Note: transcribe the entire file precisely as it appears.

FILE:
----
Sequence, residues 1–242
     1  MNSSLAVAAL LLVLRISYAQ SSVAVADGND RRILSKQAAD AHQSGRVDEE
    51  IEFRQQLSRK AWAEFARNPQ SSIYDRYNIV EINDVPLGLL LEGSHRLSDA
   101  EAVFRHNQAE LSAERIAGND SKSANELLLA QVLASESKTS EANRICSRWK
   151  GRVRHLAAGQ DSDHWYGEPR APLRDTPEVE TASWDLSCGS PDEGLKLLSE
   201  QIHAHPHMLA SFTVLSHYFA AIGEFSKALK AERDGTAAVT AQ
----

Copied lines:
Sequence, residues 1–242
     1  MNSSLAVAAL LLVLRISYAQ SSVAVADGND RRILSKQAAD AHQSGRVDEE
    51  IEFRQQLSRK AWAEFARNPQ SSIYDRYNIV EINDVPLGLL LEGSHRLSDA
   101  EAVFRHNQAE LSAERIAGND SKSANELLLA QVLASESKTS EANRICSRWK
   151  GRVRHLAAGQ DSDHWYGEPR APLRDTPEVE TASWDLSCGS PDEGLKLLSE
   201  QIHAHPHMLA SFTVLSHYFA AIGEFSKALK AERDGTAAVT AQ